3. Transportation, euthanasia and slaughter requirements should be considered and incorporated. The current recommendations are silent on all three issues. Organic consumers expect animal welfare to apply to the full life span of the animal.

    • Transportation: Standards should specify acceptable conditions during transport, including stops for food, water and rest, etc.
    • Euthanasia of sick or injured birds: Certain methods of euthanasia, such as suffocation, blows to the head with blunt instruments and crushing the neck with pliers or burdizzo clamps should be prohibited.
    • Slaughter: Certain regulations for slaughterhouses should be specified, such as stunning chickens prior to slaughter (with a possible exception for on-farm slaughter).

The draft proposal being forwarded by the livestock committee is very specific, as it should be, and there might very well be other areas of emphasis that should be addressed based on producer input. A community-wide discussion of these recommendations has not yet taken place.

If advice and suggestions are solicited from all stakeholders, it may very well lead to additional revisions and additions to the recommendations that will result in stronger recommendations. Moreover, it will provide the Board with a clearer picture of what the organic community supports in terms of strengthened animal welfare standards.

Again, I applaud the NOSB Livestock Committee for taking this initiative. Thank you for considering my comments.
Name and Farm Name, if applicable


Specific Weaknesses in the Current Recommendations

Dairy cows: Cornucopia supports the minority opinion’s recommendation that organic dairy cows be milked no more than twice per day. We believe that the vast majority of organic dairy producers would agree. We concur with the minority opinion that “While an animal must be healthy to give large amounts of milk while being milked more than 2 times per day, her shortened life span and continual high stress level are too high a price for her to pay on an organic dairy.” This is an important area where we encourage the NOSB to solicit public comment before ignoring this important minority opinion.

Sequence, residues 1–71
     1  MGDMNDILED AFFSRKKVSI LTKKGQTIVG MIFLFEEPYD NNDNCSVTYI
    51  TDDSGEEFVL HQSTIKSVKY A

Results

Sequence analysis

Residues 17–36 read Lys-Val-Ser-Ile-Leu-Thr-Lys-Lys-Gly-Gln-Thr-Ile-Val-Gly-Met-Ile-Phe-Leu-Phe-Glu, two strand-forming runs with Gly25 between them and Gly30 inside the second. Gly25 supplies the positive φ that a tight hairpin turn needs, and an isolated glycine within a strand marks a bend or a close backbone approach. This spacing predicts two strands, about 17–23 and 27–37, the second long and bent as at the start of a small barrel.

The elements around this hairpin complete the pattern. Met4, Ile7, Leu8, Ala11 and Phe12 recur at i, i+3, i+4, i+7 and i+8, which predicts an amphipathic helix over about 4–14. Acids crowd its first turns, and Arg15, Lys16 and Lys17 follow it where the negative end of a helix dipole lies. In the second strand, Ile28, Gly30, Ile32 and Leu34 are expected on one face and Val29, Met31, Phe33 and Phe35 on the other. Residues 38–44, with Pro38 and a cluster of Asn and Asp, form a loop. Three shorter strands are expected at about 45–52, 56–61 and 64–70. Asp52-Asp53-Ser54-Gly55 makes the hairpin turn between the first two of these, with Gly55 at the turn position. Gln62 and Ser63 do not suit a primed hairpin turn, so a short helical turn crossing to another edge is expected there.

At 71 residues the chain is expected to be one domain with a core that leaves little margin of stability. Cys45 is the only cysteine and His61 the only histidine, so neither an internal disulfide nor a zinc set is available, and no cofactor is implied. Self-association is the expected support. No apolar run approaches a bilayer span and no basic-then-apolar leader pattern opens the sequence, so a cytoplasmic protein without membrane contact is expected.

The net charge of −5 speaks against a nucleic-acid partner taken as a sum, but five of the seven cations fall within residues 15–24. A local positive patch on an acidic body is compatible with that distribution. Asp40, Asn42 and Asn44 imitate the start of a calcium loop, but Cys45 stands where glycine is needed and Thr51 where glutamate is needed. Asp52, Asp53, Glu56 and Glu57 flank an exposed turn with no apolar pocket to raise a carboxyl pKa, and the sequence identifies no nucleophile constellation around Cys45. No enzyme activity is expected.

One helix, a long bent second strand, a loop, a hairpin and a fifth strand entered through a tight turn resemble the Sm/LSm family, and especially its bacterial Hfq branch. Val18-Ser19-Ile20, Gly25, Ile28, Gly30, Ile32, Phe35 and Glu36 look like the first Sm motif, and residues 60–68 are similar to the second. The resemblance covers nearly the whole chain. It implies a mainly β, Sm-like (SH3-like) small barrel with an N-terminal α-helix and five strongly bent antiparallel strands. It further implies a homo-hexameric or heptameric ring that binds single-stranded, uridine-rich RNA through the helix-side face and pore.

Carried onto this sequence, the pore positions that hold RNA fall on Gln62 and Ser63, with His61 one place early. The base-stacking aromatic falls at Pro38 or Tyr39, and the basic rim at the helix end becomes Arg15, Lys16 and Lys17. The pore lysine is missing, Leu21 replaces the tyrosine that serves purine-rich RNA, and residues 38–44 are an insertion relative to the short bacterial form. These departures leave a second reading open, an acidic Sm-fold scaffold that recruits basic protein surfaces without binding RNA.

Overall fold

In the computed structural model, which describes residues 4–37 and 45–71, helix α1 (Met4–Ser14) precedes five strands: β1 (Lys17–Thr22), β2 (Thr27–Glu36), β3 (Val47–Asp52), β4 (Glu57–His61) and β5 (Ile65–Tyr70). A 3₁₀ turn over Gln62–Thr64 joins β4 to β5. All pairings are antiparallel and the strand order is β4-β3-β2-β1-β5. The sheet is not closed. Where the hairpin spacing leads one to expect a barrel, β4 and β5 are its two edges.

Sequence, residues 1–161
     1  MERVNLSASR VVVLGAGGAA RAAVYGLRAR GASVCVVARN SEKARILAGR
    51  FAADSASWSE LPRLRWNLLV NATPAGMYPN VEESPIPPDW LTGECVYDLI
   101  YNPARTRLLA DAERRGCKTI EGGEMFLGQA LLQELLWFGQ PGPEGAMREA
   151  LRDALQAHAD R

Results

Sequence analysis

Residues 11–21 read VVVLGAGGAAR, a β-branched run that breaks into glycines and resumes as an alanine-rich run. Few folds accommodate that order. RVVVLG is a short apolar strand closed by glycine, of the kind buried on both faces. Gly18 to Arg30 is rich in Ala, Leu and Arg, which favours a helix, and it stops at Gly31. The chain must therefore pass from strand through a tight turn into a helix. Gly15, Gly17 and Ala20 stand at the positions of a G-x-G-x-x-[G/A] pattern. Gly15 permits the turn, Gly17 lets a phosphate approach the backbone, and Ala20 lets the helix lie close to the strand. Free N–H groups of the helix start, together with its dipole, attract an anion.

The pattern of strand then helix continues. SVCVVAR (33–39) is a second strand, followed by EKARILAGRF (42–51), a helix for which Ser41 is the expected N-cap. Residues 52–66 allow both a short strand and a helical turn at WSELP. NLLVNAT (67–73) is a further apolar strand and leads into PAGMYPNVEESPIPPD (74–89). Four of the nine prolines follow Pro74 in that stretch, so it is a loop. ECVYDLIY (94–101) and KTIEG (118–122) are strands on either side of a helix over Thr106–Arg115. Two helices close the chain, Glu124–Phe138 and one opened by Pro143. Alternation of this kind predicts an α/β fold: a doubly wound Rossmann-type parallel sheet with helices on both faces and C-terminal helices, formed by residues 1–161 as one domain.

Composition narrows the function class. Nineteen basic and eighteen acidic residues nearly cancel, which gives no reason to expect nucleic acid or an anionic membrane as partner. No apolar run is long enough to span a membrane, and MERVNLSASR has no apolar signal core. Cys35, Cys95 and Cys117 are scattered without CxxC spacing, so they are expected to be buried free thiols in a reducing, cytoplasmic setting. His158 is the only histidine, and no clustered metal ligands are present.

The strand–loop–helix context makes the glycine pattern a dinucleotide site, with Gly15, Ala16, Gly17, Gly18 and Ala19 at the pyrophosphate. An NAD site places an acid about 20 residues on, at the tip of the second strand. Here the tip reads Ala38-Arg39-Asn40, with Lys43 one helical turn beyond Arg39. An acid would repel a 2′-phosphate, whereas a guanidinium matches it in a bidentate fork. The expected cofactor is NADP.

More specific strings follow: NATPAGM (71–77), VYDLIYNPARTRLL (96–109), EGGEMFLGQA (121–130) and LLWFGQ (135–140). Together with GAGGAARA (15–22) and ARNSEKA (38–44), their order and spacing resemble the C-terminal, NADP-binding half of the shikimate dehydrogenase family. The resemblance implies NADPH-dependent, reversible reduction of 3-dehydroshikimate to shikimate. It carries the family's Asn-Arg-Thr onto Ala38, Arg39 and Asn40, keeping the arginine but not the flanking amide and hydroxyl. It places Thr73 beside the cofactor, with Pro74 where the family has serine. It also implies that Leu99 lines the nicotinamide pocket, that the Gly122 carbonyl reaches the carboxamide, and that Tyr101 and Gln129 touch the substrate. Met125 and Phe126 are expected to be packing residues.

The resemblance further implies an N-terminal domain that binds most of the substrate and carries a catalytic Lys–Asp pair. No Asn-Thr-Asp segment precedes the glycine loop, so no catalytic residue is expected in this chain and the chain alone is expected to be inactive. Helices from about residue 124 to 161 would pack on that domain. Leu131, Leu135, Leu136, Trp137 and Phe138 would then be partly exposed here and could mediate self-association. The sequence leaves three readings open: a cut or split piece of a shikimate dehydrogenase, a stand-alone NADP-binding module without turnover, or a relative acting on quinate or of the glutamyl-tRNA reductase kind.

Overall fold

Egg-laying hens and poultry: The current standards have been easily interpreted by some certifying agents as allowing producers to keep chickens indoors at all times. It is therefore important that the new rules are strong enough to ensure that industrial-scale henhouses really do provide meaningful outdoor access. For example, some current houses have two stories, with a single-file ramp leading to a concrete porch. If these houses set aside the required acreage as outdoor access, but do not change their buildings to increase the number of doors to grant outdoor access, the new rules will be meaningless to the chickens inside, and only a very, very small percentage will actually have legitimate access to the outdoors. We therefore suggest that the NOSB also recommend a certain amount of entry/exit popholes for the birds. This is likely not the only important detail that was left out — either by compromise amongst the livestock committee members or unintentionally. To ensure that the recommendations are as strong as possible when they are voted on, we suggest that the NOSB accept and review public comment.

Transportation and slaughter of organic animals:
There are currently no recommendations for ensuring humane transportation and slaughter of organic animals. Organic consumers expect that farm animals are treated humanely on the farm, but their expectations for humane treatment apply also to transportation and slaughter. We encourage the NOSB to include humane transportation, euthanasia and slaughter standards.